What will today’s young people be able to offer tomorrow?

International educationalists will address the challenges in reforming 14-19 education that they see on their own continents, at an international education seminar hosted by Cambridge Assessment, at the Foreign and Commonwealth Office, London on 7 May 2008.

All around the world countries are reforming what they offer to their young people as they come into the last few years of their school education. In the UK this is often referred to as '14-19 Reform' but the same processes are taking place under different names across the globe.

Topics explored at the seminar -which forms part of Cambridge Assessment's 150th anniversary celebrations - include:

  • The relevance of curricular provisions in the context of globalizing economies, talent flows and rapid pace of technological innovation
  • Challenges identified through the European process and addressing the UK's progress within Europe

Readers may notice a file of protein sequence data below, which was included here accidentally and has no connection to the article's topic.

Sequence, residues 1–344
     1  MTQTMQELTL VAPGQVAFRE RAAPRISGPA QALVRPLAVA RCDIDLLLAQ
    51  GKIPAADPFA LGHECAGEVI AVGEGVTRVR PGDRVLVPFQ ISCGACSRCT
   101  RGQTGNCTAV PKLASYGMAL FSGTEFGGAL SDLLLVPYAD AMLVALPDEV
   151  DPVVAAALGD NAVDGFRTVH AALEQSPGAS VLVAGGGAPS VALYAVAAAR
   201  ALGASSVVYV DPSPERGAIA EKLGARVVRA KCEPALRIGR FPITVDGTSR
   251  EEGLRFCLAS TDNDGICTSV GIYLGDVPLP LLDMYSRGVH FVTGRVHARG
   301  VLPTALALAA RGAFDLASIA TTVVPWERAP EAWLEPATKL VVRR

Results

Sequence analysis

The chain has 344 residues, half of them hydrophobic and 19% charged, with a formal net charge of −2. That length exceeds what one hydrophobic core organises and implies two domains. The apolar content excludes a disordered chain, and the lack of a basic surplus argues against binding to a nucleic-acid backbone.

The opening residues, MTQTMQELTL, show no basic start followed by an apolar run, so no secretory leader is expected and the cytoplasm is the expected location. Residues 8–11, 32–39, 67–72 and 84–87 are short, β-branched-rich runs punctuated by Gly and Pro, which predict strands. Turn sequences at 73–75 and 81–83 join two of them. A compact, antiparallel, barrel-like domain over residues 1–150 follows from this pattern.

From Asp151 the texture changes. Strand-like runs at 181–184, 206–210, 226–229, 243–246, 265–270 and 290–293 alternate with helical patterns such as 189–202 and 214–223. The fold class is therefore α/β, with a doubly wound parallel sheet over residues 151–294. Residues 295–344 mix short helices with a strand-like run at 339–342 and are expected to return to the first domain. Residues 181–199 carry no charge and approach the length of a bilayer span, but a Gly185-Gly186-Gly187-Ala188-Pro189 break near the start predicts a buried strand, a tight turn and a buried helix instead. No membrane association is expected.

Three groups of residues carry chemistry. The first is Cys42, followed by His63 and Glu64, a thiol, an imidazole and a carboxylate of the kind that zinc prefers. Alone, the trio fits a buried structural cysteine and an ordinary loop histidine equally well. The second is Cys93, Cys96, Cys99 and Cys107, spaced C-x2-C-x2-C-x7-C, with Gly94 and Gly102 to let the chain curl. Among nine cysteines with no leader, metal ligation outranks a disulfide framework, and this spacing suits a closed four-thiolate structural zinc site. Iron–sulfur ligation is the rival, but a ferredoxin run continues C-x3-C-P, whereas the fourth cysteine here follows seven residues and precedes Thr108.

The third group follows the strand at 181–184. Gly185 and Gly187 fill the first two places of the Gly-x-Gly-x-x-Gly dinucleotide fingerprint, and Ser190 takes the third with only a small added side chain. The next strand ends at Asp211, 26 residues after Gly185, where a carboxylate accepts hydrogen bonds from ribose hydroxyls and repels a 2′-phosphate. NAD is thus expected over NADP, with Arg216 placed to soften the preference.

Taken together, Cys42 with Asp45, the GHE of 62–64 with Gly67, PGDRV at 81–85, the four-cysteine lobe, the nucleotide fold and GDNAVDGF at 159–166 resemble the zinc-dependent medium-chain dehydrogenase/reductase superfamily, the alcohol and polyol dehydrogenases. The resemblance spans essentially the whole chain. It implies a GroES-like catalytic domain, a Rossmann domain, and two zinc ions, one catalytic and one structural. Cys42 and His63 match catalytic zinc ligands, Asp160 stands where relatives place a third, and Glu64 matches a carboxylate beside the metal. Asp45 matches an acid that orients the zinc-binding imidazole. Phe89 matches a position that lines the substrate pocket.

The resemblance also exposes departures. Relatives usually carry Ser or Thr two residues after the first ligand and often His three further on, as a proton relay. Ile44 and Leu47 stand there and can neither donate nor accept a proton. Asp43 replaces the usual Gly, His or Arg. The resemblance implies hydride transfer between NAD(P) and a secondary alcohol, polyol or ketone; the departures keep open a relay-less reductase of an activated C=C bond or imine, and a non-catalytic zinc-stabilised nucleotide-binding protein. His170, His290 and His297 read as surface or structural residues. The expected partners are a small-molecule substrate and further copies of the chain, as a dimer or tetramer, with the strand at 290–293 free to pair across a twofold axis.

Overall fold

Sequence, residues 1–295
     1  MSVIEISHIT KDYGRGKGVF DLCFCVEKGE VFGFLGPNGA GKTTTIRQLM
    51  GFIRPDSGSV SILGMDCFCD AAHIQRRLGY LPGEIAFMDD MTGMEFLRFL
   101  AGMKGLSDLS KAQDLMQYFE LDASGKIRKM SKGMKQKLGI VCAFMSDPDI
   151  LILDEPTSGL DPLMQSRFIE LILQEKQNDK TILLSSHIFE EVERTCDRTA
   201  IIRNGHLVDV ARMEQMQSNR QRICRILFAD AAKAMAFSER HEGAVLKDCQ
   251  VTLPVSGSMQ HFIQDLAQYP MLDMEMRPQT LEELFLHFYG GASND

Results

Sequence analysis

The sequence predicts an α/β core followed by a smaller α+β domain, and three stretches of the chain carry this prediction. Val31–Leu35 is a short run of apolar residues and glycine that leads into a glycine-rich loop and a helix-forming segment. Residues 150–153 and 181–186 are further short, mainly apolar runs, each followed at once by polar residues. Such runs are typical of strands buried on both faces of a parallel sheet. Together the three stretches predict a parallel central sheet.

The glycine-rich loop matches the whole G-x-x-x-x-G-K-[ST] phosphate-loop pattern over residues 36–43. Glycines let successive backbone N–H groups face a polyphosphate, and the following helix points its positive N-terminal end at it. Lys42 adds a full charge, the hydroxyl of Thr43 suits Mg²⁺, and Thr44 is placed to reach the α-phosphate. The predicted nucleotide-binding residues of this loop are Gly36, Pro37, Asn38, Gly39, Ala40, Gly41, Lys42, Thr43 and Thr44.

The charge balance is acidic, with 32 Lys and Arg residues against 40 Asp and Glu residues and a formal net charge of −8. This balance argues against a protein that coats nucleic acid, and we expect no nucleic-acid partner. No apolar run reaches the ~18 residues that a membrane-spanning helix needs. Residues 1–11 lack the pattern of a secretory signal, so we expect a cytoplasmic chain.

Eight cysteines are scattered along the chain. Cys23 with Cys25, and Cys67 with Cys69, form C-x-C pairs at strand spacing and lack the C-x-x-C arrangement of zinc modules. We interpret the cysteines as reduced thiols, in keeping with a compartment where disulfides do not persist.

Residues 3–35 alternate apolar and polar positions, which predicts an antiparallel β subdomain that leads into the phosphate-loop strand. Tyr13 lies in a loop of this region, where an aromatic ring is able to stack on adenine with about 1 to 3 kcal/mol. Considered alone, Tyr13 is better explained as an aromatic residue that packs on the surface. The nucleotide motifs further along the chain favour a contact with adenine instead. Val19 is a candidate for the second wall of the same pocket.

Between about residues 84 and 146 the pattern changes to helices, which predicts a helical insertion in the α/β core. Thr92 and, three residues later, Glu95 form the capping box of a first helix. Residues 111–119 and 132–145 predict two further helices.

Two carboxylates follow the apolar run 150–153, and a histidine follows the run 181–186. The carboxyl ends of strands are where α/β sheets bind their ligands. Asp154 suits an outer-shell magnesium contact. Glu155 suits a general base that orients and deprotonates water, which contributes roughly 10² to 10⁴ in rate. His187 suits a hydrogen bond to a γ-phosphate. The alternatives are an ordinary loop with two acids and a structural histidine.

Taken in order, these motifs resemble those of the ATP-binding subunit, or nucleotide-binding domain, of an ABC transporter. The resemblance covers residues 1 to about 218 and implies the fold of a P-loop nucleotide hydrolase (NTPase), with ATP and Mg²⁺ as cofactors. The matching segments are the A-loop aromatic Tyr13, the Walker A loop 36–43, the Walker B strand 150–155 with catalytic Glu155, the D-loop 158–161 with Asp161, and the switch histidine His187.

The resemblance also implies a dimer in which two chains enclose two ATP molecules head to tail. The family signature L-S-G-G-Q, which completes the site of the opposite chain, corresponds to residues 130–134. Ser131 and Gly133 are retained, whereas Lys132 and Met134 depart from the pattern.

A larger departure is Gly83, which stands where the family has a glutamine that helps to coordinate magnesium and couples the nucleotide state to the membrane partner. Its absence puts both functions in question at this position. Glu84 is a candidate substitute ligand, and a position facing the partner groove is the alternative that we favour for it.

• Analysing existing assessment practices as well as their implications for students' intellectual and emotional growth
  • The drive toward a more skills based curriculum.

Challenges facing South East Asia will be covered by Professor S Gopinathan of Nanyang Technological University, Singapore; the Caribbean by Mr Carol Keller of the University of the West Indies; Europe by Mr Tom Leney of the UK's Qualifications and Curriculum Authority; the Indian subcontinent by Dr Razia Fakir Mohammad of the Aga Khan University, Pakistan; and Africa by Dr Yusef Sayed of UNESCO.

Simon Lebus, Group Chief Executive of Cambridge Assessment, said: "We are delighted to have the opportunity to host a debate on innovations worldwide. International exams played a part very early on in our 150 year history and have continued to do so. Reform is about giving all young people the opportunity to choose a mix of learning which motivates, interests and challenges them, and which gives them the knowledge, skills and attitude they need to succeed in education, work, and life."

Cambridge Assessment was at the forefront of introducing examinations for schools 150 years ago with the aim of raising standards in education. Today, it is Europe's largest assessment agency and plays a leading role in researching, developing and delivering exams and tests in more than 150 countries every year.

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